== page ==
Does Model Code of Conduct Influence Govt Work? Law Panel Asks EC on Simultaneous Polls
Representative image. (Reuters)
Though both bodies had a list of 20 questions to deliberate upon, the Justice Chauhan-led panel had primarily focussed on issues that arise and affect (if at all) the functioning of governments when the EC’s model code of conduct is in force.
New Delhi: In a meeting that lasted over one-and-a-half hours, the Justice BS Chauhan-led law panel has asked the election commission to showcase past instances of the model code of conduct influencing any functioning of either state or central government.
Both bodies had met on Wednesday to deliberate and iron out issues relating to the feasibility of simultaneous polls in the country.
The Election Commission of India was represented by the Chief Election Commissioner OP Rawat and two other election commissioners, whereas the law commission was headed by former Supreme Court judge Justice BS Chauhan and three other members of the commission.
Though both bodies had a list of 20 questions to deliberate upon, the Justice Chauhan-led panel primarily focussed on issues that arise and affect (if at all) the functioning of governments when the EC’s model code of conduct is in force.
According to sources in the EC, the law commission had received quite a few complaints regarding issues faced when the code of conduct is in force, hence the extra focus.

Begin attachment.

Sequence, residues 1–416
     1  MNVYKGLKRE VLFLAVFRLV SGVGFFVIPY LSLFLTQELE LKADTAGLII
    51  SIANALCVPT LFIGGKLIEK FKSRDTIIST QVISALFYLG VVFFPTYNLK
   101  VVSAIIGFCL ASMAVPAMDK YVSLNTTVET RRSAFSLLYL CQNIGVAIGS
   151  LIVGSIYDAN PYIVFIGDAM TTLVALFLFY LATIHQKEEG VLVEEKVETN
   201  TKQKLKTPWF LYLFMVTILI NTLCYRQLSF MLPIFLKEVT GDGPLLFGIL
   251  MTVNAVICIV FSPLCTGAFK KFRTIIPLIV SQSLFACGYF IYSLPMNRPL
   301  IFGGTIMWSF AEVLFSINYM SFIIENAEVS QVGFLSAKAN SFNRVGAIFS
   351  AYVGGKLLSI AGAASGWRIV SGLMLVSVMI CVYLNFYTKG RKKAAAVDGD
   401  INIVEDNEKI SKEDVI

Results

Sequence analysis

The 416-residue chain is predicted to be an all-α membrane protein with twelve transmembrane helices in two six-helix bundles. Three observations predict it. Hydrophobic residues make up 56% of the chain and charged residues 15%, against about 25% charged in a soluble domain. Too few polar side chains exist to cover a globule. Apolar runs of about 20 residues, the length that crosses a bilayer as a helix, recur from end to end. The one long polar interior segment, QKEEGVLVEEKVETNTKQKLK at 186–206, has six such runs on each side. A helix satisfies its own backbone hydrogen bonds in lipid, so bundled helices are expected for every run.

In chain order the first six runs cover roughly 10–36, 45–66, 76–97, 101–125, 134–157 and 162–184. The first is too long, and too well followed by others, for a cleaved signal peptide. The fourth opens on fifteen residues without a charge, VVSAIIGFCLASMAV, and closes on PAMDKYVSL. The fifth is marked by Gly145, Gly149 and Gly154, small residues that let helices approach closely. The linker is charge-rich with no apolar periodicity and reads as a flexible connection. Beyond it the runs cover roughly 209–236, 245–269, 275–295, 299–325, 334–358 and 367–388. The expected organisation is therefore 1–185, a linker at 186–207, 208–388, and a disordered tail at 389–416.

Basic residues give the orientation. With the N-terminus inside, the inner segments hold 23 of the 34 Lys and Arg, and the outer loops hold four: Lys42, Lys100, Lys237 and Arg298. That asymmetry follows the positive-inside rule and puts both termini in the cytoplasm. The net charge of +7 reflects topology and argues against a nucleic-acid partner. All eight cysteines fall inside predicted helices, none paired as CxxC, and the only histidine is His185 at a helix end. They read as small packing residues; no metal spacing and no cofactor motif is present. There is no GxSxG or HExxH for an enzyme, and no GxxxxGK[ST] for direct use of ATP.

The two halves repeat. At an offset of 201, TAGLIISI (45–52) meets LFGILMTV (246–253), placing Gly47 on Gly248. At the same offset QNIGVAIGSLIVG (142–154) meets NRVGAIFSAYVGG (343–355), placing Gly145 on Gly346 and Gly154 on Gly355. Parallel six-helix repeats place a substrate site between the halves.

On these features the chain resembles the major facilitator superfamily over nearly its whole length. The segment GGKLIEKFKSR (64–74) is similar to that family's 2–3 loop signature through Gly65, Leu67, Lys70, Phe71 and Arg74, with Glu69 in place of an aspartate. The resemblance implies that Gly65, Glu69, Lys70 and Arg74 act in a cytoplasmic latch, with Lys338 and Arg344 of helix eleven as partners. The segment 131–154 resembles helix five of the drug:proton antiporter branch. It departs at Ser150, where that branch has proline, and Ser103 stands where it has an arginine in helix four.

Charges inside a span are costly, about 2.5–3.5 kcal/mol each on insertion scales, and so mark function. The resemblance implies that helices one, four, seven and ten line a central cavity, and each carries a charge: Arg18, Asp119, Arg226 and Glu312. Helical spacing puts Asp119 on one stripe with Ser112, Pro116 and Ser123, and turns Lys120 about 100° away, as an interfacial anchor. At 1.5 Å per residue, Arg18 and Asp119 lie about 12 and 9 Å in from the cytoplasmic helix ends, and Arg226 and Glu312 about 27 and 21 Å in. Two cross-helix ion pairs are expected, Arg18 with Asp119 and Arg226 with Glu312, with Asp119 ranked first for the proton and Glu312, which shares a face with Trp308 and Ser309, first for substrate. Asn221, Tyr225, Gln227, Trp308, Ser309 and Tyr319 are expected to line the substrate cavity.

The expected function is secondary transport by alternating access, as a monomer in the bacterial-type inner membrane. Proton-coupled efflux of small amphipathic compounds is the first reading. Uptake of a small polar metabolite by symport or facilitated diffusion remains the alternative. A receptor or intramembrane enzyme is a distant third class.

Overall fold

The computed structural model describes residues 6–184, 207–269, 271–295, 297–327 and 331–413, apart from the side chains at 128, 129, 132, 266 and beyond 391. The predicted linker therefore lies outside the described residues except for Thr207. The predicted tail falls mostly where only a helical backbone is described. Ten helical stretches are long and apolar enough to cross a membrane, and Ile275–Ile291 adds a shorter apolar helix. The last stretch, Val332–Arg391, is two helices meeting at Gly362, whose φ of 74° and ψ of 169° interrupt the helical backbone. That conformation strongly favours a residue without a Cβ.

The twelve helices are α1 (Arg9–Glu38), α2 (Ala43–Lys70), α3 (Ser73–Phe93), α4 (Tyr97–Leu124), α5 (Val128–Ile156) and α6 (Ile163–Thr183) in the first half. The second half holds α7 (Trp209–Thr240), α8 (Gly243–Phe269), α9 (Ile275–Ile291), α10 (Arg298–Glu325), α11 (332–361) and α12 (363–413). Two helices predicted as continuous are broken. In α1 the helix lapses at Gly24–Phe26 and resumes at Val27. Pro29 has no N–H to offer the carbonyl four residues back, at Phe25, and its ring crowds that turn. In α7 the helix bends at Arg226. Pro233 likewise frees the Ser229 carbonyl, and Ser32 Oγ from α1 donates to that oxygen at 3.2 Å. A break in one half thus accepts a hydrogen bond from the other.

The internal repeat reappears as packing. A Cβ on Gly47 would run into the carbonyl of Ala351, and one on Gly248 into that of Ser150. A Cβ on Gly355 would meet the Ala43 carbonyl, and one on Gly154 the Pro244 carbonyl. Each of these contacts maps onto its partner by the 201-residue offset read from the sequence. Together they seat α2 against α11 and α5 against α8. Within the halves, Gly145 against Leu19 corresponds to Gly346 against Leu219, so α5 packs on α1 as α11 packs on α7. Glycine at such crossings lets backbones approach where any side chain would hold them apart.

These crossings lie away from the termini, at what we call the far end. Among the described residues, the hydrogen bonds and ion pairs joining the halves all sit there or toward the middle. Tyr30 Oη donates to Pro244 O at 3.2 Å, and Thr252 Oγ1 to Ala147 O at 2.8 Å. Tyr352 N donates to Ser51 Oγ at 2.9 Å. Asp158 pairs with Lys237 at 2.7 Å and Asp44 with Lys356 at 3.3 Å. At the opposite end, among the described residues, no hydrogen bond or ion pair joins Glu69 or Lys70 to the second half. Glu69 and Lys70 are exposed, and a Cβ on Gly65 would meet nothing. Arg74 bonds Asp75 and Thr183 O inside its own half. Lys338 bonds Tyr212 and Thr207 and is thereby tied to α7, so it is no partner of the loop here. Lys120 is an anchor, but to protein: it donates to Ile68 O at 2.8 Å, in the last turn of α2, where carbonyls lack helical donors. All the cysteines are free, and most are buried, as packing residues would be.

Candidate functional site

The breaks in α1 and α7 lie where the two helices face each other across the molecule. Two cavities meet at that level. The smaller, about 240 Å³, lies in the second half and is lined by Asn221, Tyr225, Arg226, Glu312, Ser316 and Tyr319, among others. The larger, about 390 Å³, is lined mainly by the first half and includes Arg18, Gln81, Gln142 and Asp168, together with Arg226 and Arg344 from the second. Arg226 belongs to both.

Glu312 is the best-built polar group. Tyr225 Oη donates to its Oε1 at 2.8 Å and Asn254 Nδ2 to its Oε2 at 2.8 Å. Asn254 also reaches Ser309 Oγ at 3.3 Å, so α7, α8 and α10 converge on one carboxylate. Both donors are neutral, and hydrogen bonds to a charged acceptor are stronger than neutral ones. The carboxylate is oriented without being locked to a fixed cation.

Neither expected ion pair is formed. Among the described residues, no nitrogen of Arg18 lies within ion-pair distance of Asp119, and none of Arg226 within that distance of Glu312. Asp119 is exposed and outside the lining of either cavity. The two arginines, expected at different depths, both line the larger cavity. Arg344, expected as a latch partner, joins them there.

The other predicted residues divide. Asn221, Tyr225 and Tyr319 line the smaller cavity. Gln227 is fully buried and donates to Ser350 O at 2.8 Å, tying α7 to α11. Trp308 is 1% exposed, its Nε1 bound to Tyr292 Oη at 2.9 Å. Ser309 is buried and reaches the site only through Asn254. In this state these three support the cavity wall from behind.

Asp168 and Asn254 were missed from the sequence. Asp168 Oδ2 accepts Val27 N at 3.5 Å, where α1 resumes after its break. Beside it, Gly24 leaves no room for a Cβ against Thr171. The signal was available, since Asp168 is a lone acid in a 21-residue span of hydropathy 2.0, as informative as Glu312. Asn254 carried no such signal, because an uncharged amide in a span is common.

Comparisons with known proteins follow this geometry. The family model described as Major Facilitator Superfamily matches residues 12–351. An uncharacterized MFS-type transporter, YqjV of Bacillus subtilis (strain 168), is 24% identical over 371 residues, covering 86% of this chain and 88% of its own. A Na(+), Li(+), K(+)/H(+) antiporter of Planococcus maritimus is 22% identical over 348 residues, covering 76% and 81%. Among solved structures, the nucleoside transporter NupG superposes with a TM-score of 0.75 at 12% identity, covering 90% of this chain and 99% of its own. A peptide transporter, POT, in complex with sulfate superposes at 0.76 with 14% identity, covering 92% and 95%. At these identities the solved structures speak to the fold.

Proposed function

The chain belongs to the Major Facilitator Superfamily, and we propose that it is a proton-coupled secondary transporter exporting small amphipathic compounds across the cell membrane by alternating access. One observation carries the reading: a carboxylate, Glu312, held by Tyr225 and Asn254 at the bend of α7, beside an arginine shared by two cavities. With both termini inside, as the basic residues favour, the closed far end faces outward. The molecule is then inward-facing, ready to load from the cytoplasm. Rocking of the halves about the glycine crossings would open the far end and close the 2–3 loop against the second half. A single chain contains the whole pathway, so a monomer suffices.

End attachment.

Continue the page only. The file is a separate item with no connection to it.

News18 has also learnt that EC has informed the law commission that there is no effect on schemes already in place but no new schemes can be introduced when model code of conduct is in place.
The law panel wanted to ascertain how many such instances were reported during the last four elections by central or state governments and the number of times it was settled.
The total number of questions, to be deliberated upon in this meeting, were divided into two parts — first on Constitutional issues and second on legal/social-political-economic issues.
On Constitutional issues, the Law Commission sought to know whether the "benefits of simultaneous elections" would also inevitably be viewed as "tinkering with the basic structure of the Constitution" as it would invite certain amendments to portions of the Constitution.
Further, the law panel asked if a possible President's rule in states with a dissolved Assembly would see an impact on its democratic functioning.
A few weeks ago, the Law Commission had proposed holding simultaneous state, general elections and sought public opinion on its recommendations.
After a full member meeting at the Law Commission, Chairman Justice BS Chauhan had released a list of recommendations and a draft prepared by the commission on April 17.
In its latest set of questions for the poll body, the law panel has also listed a set of Articles that might require amendments in order to hold simultaneous elections in the states and Centre.